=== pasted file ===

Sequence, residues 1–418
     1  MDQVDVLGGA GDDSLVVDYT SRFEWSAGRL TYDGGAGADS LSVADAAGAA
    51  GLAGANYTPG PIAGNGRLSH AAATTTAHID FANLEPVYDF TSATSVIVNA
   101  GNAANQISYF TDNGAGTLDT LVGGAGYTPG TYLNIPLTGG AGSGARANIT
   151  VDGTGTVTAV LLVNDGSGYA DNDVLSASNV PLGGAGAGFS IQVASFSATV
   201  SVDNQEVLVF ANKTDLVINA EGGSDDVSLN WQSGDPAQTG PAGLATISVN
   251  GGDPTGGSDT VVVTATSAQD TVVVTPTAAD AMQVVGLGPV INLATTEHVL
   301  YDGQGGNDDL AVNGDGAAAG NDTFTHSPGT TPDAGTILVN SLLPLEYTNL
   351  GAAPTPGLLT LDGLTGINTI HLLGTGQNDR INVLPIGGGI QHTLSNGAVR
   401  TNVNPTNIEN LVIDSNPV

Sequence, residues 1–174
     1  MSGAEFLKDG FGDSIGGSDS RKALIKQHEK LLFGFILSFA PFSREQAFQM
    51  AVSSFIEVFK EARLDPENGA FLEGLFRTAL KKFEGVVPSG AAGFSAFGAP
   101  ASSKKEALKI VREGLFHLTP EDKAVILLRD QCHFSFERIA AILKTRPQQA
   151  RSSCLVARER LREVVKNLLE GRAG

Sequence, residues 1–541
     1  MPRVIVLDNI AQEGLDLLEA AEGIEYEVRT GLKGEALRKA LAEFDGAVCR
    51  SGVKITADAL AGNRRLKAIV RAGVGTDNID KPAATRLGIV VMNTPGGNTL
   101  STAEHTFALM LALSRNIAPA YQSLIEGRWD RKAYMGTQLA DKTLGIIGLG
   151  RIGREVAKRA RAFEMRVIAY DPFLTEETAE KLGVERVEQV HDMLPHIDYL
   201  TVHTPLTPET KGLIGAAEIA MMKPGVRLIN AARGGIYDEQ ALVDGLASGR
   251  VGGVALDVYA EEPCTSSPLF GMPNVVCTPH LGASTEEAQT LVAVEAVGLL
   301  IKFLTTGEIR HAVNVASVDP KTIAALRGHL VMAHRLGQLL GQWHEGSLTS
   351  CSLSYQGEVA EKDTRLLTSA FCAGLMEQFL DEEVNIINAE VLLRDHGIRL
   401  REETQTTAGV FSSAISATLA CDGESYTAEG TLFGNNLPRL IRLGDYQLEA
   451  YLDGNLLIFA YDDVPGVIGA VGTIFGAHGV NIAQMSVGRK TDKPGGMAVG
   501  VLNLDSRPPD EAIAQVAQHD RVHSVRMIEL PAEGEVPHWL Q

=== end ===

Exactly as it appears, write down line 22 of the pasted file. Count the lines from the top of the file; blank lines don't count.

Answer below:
   251  VGGVALDVYA EEPCTSSPLF GMPNVVCTPH LGASTEEAQT LVAVEAVGLL